Peter Egan takes Saga Magazine's Grown-Up Test

Paula Kerr / 23 September 2014

We quiz veteran actor Peter Egan on how old he really is in his head.



Tell us something that would surprise us. 

I’ve always played kings, lords and poets, but I’m the son of an Irish immigrant and was brought up on a council estate, in north London. My mum was a char and my father was a bit of a drunk.
 
Oldest piece of clothing you own? 

A Levi Strauss denim jacket, bought in 1958. It’s on loan to my daughter Rebecca.
 
Temptation you can’t resist? 

White burgundy.
 
More fun playing a rogue or a gent? 

A rogue, definitely. You can go off like a firework in lots of different directions. A gentleman can be rather boring to play, as he has to adhere to a set of rules about his conduct.
 
Glass half full or half empty? 

Oh half full. Absolutely.

Reaction to wearing a kilt in Downton

When I found out it gave me the horrors. But in fact it looked very good. Strangely enough, you feel more manly in a kilt.
 
Moment you felt you were finally adult? 

When I turned 50. Until then, I was still making lifestyle choices. At 50, I accepted who I was, which was central to growing-up.  I could see the path I wanted to follow and understood what I really wanted out of life.

Plan B?

I left school aged 15 and the one thing I was good at was drawing and painting. I think I would have been a painter.
 
Object kept from childhood? 

Only that denim jacket.  To pay for it, I did a paper round and I was a delivery boy for a laundry and an off licence. 
 
First car? 

A Mini Clubman, which I purchased when I was 23-years-old.
 
Car of your dreams? 

I own it, a hybrid Lexus. It’s wonderfully comfortable, with great back support.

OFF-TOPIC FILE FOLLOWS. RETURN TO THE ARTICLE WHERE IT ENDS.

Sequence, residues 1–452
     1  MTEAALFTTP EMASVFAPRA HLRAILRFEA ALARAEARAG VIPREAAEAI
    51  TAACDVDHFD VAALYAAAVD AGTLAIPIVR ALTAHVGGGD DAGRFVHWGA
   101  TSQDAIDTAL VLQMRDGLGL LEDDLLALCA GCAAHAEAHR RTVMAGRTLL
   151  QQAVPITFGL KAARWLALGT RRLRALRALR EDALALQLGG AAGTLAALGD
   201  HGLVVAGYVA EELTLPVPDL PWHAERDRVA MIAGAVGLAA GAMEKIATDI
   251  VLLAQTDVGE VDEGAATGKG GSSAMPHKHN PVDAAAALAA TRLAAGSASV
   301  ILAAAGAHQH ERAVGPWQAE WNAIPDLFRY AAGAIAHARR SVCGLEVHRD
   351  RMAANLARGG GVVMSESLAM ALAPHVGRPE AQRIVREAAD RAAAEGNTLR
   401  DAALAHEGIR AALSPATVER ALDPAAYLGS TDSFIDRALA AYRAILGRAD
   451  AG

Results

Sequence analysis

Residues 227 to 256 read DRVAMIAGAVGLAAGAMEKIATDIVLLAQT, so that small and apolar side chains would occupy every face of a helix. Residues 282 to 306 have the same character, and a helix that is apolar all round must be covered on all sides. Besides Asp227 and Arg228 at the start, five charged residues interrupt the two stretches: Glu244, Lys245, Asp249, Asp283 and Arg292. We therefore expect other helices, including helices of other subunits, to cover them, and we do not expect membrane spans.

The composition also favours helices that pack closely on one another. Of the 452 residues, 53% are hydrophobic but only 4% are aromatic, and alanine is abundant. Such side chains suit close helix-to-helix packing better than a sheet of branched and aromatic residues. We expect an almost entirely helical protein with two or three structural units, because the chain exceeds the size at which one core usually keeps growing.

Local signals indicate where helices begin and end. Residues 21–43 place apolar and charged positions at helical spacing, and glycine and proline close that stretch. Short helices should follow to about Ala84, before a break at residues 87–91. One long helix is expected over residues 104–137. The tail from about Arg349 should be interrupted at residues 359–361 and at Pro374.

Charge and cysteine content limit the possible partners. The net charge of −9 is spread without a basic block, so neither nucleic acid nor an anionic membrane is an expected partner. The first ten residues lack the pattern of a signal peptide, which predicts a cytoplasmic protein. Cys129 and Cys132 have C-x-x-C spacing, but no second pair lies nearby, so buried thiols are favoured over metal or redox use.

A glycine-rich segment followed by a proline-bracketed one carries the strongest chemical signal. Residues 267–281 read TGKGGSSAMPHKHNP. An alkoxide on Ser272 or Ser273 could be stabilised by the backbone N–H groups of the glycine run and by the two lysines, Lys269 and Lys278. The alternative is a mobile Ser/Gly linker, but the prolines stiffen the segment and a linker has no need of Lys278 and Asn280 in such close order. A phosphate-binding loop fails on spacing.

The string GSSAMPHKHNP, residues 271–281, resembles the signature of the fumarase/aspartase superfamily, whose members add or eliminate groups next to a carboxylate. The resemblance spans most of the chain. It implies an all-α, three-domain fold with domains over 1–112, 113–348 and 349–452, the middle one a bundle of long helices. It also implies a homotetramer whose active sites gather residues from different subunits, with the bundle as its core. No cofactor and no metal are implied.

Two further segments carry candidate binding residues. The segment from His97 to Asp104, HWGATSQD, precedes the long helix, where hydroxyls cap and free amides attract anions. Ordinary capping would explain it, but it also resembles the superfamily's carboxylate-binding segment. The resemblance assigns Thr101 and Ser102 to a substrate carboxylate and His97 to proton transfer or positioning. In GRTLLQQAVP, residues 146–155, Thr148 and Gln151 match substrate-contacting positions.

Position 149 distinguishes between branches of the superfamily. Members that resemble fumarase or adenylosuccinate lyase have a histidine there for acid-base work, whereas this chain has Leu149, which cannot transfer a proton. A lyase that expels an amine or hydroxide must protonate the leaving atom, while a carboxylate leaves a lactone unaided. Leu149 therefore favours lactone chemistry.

Twitter. Yes or no? 

I tweet about a lot of animal welfare charities. I’m involved with Animals Asia, to save moon bears and several others.
 
Last send a text? 

Half an hour ago.
 
Last public protest you made? 

I tweeted a complaint to Nick Clegg, about his support of halal slaughter.
 
What do you wear around the house? 

Casual trousers and sweatshirts.
 
Home or away? 

Home. I love my home.
 
What do you collect? 

Eco Vegan shoes because I’ve got rid of all my leather goods. I want to lead a less cruel life, so I also stopped eating meat two years ago and I’ve stopped buying leather.
 
Longest friendship? 

With Shane Connaughton, whom I met at an amateur dramatics group in west London. We became friends very quickly and he encouraged me to read.  He became a writer and went on to write the screenplay of My Left Foot.  We’ve known each other for more than 50 years.
 
Still remember the lyrics of the first record you bought?
 

House of the Rising Sun, by The Animals, which begins, “There is, a house, in New Orleans.”
 
Favourite song in the charts at the moment? 

I don’t listen to chart music  I prefer classical arias and a bit of Frank Sinatra.  
 
Fitness freak or couch potato? 

I walk a huge amount because I have several dogs. Though I have osteoarthritis in my right knee and will need an operation for a new knee, when I finish working on Downton Abbey.